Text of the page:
# An Extreme Example of Space Optimization

When people talk about optimization, they usually mean making programs run faster. Many ways of doing so, such as caching and precomputing results that will be used more than once, gain time at the expense of extra memory. Today I want to talk about an example that goes in the opposite direction: sacrificing time to gain space.

The example comes from an exam in an algorithms course many years ago. Suppose you have a very large number — say, 2^{n}— of points. Each of those points may or may not be connected to any of the other points. You can determine whether point `p`

is connected to point `q`

by calling a function path(`p, q`

), which will return `true`

or `false`

. If `p`

is connected to `q`

, that says nothing about whether `q`

is connected to `p`

. It might be connected, or it might not. Because there are 2^{n} points, we will assume that all integers are `n`

bits long and unsigned, so that any integer can store the number of any point, but no more than that.

The problem is to write a program that takes two points `q`

, and determines whether there is a path between them — that is, whether there is a sequence of one or more points in which `p`

is the first point, `q`

is the last point, and each point except the last is connected to its successor.

In principle, this problem is not difficult. For example, we can create an array with one element for each point. That element will eventually tell us how many steps it takes to reach the corresponding point from `p`

, or will 0 if we have not yet found a path from `p`

to that point.

We start by finding all the points to which `p`

is connected directly and giving those points the number 1. Then we look at the direct connections from each of those points, giving those points the number 2 unless they are already numbered 1; and so on. Eventually, we will get to a state in which either we have given a number to `q`

, in which case we have found a path; or we go through all of the points without changing anything, in which case no path exists.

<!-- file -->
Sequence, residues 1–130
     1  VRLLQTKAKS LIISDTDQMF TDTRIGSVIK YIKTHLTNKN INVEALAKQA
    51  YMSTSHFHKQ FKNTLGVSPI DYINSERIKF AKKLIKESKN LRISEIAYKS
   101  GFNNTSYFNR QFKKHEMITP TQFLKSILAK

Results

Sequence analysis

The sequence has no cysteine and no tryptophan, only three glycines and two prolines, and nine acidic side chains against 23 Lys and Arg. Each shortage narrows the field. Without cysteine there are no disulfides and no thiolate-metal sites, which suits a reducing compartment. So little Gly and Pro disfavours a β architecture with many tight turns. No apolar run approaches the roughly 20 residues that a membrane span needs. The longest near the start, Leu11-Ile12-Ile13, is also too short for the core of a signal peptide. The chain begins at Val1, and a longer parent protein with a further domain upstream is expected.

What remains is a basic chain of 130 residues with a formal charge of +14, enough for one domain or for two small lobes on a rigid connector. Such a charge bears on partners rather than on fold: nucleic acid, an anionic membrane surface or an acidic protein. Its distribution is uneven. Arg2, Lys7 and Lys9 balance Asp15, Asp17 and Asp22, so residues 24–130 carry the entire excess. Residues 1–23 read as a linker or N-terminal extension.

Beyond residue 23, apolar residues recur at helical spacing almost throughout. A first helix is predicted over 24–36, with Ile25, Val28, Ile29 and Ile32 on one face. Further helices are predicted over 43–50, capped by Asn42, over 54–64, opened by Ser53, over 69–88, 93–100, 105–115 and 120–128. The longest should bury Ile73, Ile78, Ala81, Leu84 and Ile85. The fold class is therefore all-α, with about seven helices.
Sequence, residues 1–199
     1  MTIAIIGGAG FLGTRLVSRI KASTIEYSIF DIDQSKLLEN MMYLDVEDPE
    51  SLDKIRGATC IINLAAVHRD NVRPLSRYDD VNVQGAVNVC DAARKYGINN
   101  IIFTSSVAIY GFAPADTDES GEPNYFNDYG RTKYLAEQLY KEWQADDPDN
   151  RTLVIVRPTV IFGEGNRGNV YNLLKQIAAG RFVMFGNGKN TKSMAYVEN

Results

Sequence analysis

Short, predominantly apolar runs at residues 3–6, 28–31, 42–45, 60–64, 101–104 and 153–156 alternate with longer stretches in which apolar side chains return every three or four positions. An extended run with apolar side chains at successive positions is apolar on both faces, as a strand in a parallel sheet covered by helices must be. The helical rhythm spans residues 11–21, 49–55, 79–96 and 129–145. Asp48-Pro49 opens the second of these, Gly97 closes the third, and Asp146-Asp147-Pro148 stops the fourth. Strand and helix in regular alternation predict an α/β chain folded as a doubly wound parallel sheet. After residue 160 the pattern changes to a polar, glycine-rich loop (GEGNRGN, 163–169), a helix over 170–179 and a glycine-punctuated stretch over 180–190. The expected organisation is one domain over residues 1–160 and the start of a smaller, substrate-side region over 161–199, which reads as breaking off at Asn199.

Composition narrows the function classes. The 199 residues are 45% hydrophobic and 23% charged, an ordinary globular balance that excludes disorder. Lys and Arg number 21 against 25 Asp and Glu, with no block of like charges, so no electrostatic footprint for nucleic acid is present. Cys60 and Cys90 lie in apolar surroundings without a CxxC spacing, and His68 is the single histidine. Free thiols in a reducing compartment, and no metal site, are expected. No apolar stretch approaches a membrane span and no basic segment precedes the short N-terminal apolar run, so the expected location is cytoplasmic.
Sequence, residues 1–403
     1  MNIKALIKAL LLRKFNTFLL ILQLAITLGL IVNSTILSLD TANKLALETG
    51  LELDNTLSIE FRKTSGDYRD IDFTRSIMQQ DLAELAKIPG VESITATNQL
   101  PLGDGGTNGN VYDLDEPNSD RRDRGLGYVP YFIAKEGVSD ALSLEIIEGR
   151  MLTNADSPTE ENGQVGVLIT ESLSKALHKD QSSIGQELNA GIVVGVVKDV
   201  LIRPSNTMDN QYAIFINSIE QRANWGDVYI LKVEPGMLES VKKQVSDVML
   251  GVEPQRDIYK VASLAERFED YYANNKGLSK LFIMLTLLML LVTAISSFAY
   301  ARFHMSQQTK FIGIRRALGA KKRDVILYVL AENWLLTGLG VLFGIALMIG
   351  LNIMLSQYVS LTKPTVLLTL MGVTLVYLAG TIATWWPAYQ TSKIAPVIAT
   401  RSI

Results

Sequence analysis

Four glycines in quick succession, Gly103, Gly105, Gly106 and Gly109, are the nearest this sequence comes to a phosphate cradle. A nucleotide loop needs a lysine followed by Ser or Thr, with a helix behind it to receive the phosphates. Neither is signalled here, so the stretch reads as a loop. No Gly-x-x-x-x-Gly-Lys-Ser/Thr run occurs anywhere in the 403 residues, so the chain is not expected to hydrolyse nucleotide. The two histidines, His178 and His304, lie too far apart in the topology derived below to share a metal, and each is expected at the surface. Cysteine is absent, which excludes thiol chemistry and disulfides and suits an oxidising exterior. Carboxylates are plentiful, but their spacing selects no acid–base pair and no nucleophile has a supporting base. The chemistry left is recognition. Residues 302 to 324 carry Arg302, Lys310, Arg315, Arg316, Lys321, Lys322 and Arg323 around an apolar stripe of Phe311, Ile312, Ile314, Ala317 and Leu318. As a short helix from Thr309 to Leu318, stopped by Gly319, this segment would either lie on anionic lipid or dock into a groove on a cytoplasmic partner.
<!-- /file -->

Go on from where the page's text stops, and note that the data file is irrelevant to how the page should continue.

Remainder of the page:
The exam question had a sadistic extra wrinkle that ruled out this kind of straightforward solution: The program was not allowed to use more than O(`n`

) space, measured in (`n`

-bit) integers. In other words, the students were not even allowed to use enough memory to store the entire contents of a single path — because a path might have as many as 2^{n} elements, which would take O(2^{n}) space to store.

Can you figure out how to solve this problem? If you can, how fast (and by fast, I really mean slowly — at least in this case) does it run? I'll reveal the answers next week.

## Comments:

2012-02-08T20:14:37

I suppose if we have the answer, we shouldn't post it?

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2012-02-03T22:36:44

Isn't directed graph connectivity NL-complete (so you need O(n^2) space to calculate it)?

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2012-02-03T12:03:48

> 2n elements, which would take O(2^n) space to store.

I think this should be O(2^n * n).

> solve this problem

The O(n) really is a hard constraint as it rules out recursion, due to stack space limitations.

I think there is one interesting "solution" which respects O(n) memory, but has possibly the worst run-time:

Start with p and test whether a connection exists to a randomly chosen point. If "yes", take this point as new reference and iterate. If we happen to meet "q" by the way we're done.

If "no", restart from the very beginning.

Depending on "how reliable" our answer shall be, we can throw in sufficient amount of time. In other words, if we allow an infinite amount of time, we'll get the 100% reliable answer whether a path exists.

Therefore runtime will be O(inf) in worst case.

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2012-02-02T18:24:25

Of course the first thought is to start at the end ("q") and work your way back to "p", but I suppose that is why you mentioned the whole "p may be connected to q, but q is not necessarily also connected to p".

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2012-02-02T15:36:51

I assume that we can't use recursion either, as that is just another way to consume memory; so its down to iteration?

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2012-02-02T02:20:42

Anything to do with digraphs O(n^2)?

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